Our mouths were filled with laughter, our tongues with songs of joy. Then it was said among the nations, “The Lord has done great things for them.”
I remember singing “Bringing in the Sheaves” when I was growing up in church. I found out that sheaves were the cut and bound grains that were brought in from the field at harvest time. Several of my great-grandparents were farmers. They knew all about waiting for the harvest, wondering if all their hard work would pay off. Psalm 126 tells the story of farmers rejoicing at harvest time.
People who work in fields of grain (farmers) feel joy when their crop comes in and gives them a good payoff. All during the growing season, they had to protect their crop from its natural enemies: bad weather, drought, insects, disease.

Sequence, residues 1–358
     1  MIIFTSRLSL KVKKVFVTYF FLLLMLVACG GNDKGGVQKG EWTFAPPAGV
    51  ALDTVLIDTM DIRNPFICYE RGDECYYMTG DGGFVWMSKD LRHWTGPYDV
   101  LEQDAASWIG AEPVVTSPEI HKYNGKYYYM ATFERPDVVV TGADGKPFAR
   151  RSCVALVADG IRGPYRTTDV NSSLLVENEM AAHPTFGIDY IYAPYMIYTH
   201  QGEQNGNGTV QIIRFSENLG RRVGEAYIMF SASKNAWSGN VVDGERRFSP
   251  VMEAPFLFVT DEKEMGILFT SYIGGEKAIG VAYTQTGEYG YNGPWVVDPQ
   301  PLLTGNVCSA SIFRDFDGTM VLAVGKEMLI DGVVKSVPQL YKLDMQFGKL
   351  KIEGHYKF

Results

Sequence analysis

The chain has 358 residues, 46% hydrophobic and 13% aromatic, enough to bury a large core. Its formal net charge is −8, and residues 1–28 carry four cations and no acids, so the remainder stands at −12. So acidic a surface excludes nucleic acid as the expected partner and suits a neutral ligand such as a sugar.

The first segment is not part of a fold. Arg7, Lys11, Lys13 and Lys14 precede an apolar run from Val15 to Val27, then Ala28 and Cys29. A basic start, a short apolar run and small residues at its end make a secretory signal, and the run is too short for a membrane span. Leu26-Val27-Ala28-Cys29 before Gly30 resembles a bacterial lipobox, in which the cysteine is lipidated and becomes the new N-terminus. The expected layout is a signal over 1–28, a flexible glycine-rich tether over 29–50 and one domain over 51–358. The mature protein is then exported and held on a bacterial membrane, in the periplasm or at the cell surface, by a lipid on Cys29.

Likewise, people who work in fields of spiritual rebirth (pastors, missionaries, Christians world-wide) feel joy when they see the harvest from the seeds they’ve sown. They’ve prayed over their seeds that God would protect their growing season and allow a good harvest. When they see the person who had been captive to sin making the decision to hold onto God’s hand and trust him for their rescue, they are filled with more joy than the farmers experience.
Songs of joy are a natural response when a period of waiting is followed by good news. How many times have you heard a loud “Hallelujah!” as if someone was at a Handel’s Messiah sing-a-long, only to discover that the person had just received good news?
We train our children to say “Thank you” when someone does something good for them. Singing a song of thanksgiving to God is so easy. He’s always listening.